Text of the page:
S. Srivastav, S. J. Smartt, K. W. Smith, D. R. Young (QUB), L. Denneau, H. Flewelling, A. Heinze, J. Tonry, H. Weiland (IfA, Univ. Hawaii), A. Rest (STScI), B. Stalder (LSST), C. Stubbs (Harvard), T.-W. Chen (MPE), O. McBrien, M. Dobson, J. Gillanders, D. O'Neil, P. Clark, S. Sim (QUB)
We report observations of the LALInference skymap of the NSBH event S190814bv (The LIGO Scientific Collaboration and the Virgo Collaboration, GCN 25324, 25333) with the ATLAS telescope system (Tonry et al. 2018, PASP, 13, 164505). ATLAS is a twin 0.5m telescope system on Haleakala and Mauna Loa employing two filters - cyan and orange. While carrying out the primary mission for Near Earth Objects, we can adjust the schedule rapidly to point at LVC gravitational wave skymaps. The survey provides coverage from declination -40 to +80 every 2 nights to typical depths of 19.5 mag in the o-band.
S190814bv was discovered at MJD 58709.88239579 (GCN 25324). ATLAS was observing the whole (99.8% enclosed probability) of the LALInference skymap a few hours before the GW event (and 2 days previously on MJD 58707). The last image of the field, at the end of the night was taken on MJD 58709.63026325 (~6 hrs before S190814bv - see McBrien et al. GCN 25346).
We observed the field again on the two subsequent nights on MJDs ~58710.5 and ~58711.5.
Sequences of 30 sec images were taken in the ATLAS o/c bands, and at each pointing position a sequence of quads (4 x 30 sec) was taken. The images were processed with the ATLAS pipeline and reference images subtracted from each one. Transient candidates were run through our standard filtering procedures, combined with machine learning algorithms (e.g. Wright et al. 2015, MNRAS, 449, 451). Candidates were spatially cross-matched with known minor planets, and star, galaxy, AGN and multi-wavelength catalogues (as described in Smartt et al. 2016, MNRAS, 462 4094; Stalder et al. 2017, ApJ, 850, 149).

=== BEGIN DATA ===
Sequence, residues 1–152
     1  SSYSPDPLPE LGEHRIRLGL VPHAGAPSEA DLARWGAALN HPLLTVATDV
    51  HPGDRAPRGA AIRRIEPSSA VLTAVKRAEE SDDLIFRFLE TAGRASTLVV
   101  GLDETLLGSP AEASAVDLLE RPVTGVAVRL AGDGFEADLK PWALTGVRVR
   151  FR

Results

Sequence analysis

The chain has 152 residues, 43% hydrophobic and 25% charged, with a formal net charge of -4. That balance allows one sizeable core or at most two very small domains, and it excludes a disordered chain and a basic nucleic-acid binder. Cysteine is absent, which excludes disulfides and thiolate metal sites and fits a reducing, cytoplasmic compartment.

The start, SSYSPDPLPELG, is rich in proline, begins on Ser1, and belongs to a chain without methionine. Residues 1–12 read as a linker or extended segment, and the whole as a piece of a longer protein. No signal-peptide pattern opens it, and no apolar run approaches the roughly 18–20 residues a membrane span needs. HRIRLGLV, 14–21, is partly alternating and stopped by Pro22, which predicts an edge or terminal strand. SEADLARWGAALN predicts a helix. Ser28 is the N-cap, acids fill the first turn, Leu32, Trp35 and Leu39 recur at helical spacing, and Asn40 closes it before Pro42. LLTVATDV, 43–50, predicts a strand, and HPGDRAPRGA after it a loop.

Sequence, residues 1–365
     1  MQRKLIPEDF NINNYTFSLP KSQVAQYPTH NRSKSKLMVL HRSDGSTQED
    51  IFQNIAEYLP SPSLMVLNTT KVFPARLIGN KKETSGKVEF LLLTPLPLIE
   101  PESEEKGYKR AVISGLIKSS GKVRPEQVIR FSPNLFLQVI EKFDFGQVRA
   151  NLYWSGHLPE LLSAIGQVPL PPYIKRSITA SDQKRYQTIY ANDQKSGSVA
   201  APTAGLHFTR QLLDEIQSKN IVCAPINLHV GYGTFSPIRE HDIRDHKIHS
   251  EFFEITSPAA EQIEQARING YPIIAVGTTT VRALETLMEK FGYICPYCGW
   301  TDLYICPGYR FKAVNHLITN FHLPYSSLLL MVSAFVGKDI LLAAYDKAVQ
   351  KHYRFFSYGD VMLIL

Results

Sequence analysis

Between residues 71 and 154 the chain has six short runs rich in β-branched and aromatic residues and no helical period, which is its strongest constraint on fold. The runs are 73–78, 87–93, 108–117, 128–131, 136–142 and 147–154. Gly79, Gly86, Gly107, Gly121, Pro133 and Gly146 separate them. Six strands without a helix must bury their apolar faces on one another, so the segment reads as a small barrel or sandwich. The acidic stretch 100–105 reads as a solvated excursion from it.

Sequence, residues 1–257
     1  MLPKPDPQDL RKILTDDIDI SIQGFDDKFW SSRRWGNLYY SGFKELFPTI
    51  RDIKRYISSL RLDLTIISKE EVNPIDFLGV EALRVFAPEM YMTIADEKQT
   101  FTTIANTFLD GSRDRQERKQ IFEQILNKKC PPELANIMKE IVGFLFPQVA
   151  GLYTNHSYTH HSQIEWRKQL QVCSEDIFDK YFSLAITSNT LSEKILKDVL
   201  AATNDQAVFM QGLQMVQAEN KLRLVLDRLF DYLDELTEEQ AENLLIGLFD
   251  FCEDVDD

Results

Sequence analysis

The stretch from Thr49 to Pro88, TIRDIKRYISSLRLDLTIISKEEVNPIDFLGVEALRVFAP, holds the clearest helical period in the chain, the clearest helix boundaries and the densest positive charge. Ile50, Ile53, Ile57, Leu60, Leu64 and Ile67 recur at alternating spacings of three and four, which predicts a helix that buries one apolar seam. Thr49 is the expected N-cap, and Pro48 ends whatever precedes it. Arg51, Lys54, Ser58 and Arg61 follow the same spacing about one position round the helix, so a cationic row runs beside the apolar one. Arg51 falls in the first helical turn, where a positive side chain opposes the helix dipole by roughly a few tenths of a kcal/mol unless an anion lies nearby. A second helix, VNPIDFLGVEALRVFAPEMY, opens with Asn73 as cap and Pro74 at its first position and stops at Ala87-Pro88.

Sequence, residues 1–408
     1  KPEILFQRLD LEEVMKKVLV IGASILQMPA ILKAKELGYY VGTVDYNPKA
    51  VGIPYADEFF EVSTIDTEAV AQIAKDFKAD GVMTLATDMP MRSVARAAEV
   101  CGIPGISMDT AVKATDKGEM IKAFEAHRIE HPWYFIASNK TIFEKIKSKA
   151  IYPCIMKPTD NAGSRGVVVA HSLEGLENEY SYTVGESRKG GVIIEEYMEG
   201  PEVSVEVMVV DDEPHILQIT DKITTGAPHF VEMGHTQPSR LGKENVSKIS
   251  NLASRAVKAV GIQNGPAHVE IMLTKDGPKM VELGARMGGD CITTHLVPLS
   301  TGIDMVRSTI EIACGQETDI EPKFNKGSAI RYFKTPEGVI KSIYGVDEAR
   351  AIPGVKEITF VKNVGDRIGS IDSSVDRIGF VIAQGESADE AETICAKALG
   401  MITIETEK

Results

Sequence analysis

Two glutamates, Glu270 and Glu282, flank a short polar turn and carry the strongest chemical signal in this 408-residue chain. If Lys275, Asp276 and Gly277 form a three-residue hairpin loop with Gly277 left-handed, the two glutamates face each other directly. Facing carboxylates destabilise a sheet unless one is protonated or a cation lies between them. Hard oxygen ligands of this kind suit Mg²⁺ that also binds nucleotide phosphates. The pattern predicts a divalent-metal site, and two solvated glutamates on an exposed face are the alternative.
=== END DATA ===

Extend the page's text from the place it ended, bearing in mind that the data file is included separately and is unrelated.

No new candidates were found on any of the 3 nights, either ~6 hrs before the GW event, or ~16 hrs and ~40 hrs later, to limiting magnitudes of o ~ 19.0.
This work has made use of data from the Asteroid Terrestrial-impact Last Alert System (ATLAS) project. ATLAS is primarily funded to search for near earth asteroids through NASA grants NN12AR55G, 80NSSC18K0284, and 80NSSC18K1575; byproducts of the NEO search include images and catalogs from the survey area. The ATLAS science products have been made possible through the contributions of the University of Hawaii Institute for Astronomy, the Queen's University Belfast, and the Space Telescope Science Institute.